(Also, I missed it in the episode - my eyes "read" it as a poster a pony was carrying - but EqD pointed out that body pillows printed with geekpony "heroes" like Daring Do are now canon. I've seen enough anime fandom to know what allegedly happens to body pillows, so, yeah, ick.)

* I've mentioned it before but I kind of love heow they gave Rarity's parents stereotypical "Upper Midwest" accents (Are they from Whinny-sconsin?) but Rarity affects an old-style "Midatlantic" accent like what Audrey Hepburn and other old-time movie stars had. And yes, I believe it is an affectation and I have the headcanon that somehow Rarity managed to get herself to the Equestrian version of finishing school where she became who she is today.

And if I wanted to (and could) put on a v. affected sounding voice, I'd probably pick the Midatlantic accent, because it sounds very cool and sophisticated and above-it-all. I am not good at being above-it-all (I am a reactor) and I wish I were able to just detach and show no reaction to things. I've cried more in front of my chair and colleagues this past spring than I like to admit, and crying in front of people makes me feel terribly out of control.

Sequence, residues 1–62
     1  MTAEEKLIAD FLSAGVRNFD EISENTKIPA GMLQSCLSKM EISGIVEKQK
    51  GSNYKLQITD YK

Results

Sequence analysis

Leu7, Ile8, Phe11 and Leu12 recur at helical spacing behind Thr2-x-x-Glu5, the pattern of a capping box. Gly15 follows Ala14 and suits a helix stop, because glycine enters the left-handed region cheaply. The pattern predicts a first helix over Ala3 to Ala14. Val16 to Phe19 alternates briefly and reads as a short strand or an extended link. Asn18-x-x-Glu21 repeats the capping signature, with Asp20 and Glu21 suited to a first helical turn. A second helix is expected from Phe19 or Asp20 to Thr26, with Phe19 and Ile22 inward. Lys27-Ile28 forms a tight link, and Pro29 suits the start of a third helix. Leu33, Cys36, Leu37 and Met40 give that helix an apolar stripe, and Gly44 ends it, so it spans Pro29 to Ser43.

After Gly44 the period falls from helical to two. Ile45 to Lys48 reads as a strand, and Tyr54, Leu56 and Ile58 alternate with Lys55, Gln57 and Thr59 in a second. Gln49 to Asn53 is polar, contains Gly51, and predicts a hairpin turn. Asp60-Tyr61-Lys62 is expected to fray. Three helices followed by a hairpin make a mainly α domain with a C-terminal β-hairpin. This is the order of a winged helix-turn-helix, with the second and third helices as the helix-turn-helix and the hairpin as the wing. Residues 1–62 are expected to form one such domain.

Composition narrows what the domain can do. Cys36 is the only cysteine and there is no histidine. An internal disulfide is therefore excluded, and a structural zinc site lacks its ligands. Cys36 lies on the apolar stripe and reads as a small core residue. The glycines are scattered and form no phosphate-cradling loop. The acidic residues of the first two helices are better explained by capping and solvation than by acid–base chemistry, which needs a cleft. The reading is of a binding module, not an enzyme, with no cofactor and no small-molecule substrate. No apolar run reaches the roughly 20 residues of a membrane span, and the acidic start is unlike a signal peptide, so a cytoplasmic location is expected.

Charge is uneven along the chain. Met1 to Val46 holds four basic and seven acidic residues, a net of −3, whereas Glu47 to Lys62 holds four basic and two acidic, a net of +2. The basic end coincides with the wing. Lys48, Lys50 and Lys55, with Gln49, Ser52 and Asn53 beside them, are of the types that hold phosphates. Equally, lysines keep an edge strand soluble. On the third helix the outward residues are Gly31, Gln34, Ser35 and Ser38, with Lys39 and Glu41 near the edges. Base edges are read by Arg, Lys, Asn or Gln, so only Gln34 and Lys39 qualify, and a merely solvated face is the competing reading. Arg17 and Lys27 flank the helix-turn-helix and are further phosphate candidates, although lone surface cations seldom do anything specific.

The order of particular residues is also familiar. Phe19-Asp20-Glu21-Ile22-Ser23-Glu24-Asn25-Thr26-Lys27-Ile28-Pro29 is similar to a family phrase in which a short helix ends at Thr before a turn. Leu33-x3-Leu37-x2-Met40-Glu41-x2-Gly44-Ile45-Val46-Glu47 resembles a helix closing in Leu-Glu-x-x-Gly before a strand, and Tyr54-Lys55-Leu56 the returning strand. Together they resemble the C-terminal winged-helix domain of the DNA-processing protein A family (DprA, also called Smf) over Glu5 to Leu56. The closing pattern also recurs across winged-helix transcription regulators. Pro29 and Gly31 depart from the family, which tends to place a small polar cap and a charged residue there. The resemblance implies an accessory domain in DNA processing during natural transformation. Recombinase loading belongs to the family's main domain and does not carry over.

And yes, I know Rarity does her drama-queening, but I think of the Midatlantic accent (or the related "Connecticut lockjaw") as being the purview of people who have managed to detach themselves from reacting to things....that they could be told their stocks have just tanked or something and they would simply nod and perhaps say "unfortunate" and then if they have anything like a meltdown, it is 100% in private.

* Rewatched "The Cutie Re-Mark" this morning - the one where Starlight Glimmer messes with reality and so Twilight and Spike take trips through increasingly dark Pony alternate universes. And I admit, I said out loud to the TV: "Has anyone checked to see if Starlight Glimmer is somewhere around because her interference would totally explain 2016."

* Because sadly, the big bad news of the weekend: a hot-air balloon crash in Texas that killed quite a few people? My reaction was "That's sad....but at least it wasn't caused by someone wanting to kill other people." That's how low my bar for feeling bad about world events is now. 2016 will break me.